But I digress. I think you get the point that .NET isn’t appropriate for all software, but then again, neither is Java or many other commonly used languages and frameworks. However .NET is applicable to a broader class of software than you might imagine. What surprises many people is that .NET isn’t slower than unmanaged code in many cases. There are a lot of areas, such as raw numerical calculations, where the JITed MSIL code is essentially equivalent to what an optimising C++ compiler would produce. Games, which traditionally try to squeeze out the every last ounce of performance from your hardware, are starting to be written in managed code, and we’re not talking Space Invaders and Pacman. Arena Wars, a real-time strategy game, is built using the .NET Framework 1.1. (I’ve honestly never played this game, but it does go to show you that it is possible to write a real game using managed code.) Games are no longer requiring hand-optimized assembly language for critical loops. (For example, Quake by id Software was written in C with parts in
hand-optimized assembly. Quake 2 was also written in C, but contained
no assembly language. The slight performance gain of using assembly
language was not deemed necessary.)

Look at the performance characteristics of your code. If the bulk of your CPU time is spent in third-party frameworks (like DirectX, a physics engine, or an AI engine), it’s rather irrelevant what you write the code that drives the third-party framework, assuming the overhead of calling it isn’t too high. Imagine a situation where you have a sort and you naively use a bubble sort, which is known to be slow. Should this concern you? That depends on how much time is spent in the sort. If the CPU spends 1% of the overall application time in the bubble sort, speeding it up will result in at most a 1% performance gain. Not worth your time. If however the application spends 50% of its time in the sort, then even a factor of 2 speed-up would result in 25% faster execution. The same is true with the choice between managed and unmanaged code. If the time spent in your code is a small fraction of the overall execution time, it’s rather irrelevant what that code is written in. Pick a language/framework that allows you to develop quickly and with the fewest number of errors. But as I pointed out earlier, managed code doesn’t equate to slow code.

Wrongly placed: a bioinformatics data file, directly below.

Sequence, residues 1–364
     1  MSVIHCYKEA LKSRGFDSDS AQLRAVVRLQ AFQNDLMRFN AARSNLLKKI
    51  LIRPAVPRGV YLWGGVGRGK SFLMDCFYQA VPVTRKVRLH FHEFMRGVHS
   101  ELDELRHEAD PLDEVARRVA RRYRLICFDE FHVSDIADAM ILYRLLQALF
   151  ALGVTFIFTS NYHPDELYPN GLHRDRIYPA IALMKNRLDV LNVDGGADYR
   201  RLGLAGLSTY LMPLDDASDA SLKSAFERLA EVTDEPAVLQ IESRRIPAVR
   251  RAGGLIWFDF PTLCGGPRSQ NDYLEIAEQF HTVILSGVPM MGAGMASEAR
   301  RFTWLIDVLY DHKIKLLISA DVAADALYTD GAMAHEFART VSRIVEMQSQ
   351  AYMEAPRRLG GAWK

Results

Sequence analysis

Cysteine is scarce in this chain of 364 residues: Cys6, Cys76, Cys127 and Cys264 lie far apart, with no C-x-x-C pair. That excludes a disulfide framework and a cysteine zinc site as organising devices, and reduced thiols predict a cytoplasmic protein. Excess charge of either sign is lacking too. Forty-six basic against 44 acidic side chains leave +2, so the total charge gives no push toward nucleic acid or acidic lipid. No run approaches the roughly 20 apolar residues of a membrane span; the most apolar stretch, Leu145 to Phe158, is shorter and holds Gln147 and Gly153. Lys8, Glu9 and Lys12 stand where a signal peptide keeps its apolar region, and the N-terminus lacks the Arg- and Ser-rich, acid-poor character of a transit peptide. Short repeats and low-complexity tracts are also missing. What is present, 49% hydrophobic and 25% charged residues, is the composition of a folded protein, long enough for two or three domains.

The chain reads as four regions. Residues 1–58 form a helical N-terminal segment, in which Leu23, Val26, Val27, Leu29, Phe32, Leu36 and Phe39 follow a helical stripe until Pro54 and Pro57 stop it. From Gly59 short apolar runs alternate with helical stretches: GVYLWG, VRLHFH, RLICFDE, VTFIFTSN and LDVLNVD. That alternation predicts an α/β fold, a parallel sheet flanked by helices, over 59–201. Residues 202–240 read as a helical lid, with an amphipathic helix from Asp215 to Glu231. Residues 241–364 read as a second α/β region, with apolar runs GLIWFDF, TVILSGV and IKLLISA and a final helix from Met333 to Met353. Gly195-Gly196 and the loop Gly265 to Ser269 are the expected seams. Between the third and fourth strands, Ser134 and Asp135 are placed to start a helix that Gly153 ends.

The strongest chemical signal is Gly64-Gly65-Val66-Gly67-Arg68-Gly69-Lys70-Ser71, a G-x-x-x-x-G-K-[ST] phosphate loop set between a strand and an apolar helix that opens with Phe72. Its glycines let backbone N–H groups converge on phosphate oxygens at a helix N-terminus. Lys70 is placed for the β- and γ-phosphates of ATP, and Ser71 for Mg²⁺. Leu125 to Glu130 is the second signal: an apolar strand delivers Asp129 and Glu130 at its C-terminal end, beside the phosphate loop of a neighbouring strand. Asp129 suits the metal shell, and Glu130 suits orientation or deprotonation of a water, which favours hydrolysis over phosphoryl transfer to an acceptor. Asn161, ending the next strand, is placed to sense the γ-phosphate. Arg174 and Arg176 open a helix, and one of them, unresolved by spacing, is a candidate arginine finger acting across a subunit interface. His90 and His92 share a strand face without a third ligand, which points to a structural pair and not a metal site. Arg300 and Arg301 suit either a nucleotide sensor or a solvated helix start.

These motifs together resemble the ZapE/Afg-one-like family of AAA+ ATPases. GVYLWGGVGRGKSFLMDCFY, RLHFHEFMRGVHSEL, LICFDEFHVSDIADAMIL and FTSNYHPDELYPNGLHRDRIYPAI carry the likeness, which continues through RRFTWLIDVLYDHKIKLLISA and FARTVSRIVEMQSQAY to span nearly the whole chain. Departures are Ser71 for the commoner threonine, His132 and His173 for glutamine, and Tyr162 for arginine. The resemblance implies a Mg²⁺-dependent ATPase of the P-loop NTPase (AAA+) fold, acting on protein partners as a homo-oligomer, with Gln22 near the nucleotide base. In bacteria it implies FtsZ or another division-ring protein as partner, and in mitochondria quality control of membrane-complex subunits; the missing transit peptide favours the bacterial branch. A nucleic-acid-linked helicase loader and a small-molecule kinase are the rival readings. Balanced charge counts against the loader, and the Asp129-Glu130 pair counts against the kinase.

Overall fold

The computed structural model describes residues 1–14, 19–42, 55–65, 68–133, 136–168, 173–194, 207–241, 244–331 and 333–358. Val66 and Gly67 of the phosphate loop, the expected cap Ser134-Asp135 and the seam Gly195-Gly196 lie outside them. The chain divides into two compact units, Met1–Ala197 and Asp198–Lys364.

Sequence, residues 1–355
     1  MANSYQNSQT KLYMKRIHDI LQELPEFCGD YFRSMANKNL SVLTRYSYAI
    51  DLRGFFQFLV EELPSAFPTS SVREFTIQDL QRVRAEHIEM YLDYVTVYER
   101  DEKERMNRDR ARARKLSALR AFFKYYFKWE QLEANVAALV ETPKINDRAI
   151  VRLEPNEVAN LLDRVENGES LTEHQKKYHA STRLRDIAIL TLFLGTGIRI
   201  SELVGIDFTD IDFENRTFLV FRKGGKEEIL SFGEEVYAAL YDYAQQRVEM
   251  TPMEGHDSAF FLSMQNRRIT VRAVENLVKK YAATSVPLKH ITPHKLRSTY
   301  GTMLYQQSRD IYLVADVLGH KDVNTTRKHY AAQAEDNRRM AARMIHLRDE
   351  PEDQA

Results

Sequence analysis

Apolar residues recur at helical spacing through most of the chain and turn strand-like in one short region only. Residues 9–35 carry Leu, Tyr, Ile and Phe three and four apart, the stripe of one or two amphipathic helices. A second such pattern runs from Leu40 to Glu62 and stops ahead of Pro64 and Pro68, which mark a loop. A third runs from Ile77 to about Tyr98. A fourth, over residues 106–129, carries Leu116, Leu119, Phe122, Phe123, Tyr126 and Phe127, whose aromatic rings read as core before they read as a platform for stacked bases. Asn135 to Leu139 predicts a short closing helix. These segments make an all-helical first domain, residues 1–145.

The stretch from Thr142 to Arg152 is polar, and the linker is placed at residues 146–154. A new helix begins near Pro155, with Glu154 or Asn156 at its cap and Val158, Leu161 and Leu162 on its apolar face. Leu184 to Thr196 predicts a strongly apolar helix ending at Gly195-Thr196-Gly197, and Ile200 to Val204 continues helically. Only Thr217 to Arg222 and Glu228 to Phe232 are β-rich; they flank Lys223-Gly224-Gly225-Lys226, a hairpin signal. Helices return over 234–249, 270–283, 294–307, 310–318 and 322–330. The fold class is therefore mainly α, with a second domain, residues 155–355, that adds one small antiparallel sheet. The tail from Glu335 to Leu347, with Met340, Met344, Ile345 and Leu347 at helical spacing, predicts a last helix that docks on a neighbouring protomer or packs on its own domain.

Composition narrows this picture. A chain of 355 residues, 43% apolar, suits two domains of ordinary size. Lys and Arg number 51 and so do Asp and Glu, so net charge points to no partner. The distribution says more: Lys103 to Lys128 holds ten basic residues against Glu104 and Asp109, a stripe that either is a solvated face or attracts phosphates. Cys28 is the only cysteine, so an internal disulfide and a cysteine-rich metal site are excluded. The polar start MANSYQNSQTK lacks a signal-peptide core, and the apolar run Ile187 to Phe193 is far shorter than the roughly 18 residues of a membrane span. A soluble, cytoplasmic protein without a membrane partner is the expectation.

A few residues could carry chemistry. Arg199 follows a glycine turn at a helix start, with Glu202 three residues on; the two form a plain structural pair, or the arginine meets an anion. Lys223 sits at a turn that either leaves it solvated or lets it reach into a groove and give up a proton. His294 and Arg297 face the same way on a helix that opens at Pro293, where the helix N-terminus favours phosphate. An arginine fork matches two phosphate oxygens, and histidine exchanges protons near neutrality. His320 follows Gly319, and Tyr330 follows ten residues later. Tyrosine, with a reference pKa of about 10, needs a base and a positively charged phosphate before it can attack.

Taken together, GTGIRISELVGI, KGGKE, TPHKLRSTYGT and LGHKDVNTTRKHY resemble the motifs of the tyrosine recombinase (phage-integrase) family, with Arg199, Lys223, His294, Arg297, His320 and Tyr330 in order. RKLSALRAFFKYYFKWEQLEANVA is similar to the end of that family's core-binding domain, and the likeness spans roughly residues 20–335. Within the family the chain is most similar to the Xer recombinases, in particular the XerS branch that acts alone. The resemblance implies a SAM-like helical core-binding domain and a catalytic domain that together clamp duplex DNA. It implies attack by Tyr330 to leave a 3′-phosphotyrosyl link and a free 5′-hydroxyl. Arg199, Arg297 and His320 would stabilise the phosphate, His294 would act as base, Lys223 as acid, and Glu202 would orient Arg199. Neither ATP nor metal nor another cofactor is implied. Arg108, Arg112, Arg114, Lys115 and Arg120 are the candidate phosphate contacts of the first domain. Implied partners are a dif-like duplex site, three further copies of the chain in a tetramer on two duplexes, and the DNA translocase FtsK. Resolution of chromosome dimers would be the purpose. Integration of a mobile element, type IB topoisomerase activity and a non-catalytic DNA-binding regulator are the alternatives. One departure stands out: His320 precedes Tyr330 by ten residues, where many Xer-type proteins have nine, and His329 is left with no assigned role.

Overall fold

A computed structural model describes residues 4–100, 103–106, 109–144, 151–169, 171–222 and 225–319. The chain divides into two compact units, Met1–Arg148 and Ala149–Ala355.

In summary, there are trade-offs in using managed code as there are with any runtime environment. You’re not going to get any faster than hand-optimized assembly (if you have infinite time to optimize), but who is going to write Windows applications in assembly language today? (I’m ignoring Steve Gibson for the moment. Amazing what one can do in assembly language these days, but not somewhere I want to live my developer life personally.) The key is to know your tools and know which ones are right for which job. With that in mind, I leave you with some links comparing managed to unmanaged code performance. I hope that they prove enlightening.

Episode 4: Life, the Universe, and Everything is complete. John and I hold down the fort in the latest episode of Plumbers @ Work. You can find the show notes here (as well as below) and podcast here. It will be posted to MSDN Canada Community Radio shortly.

Show Notes

  • Introduction
  • News Bytes: Renaming of Office “12″ to Office 2007
  • News Bytes: Release Date for Team Foundation Server (TFS)
  • News Bytes: WSCF 0.6
  • Developer Destination: HanselMinutes
  • Discussion about Reflector
  • Discussion about SysInternals
  • Developer Destination: .NET Kicks
  • Developer Destination: DNR TV
  • Discussion about Screencasting
  • Calgary .NET User Group
  • Site Navigation in ASP.NET 2.0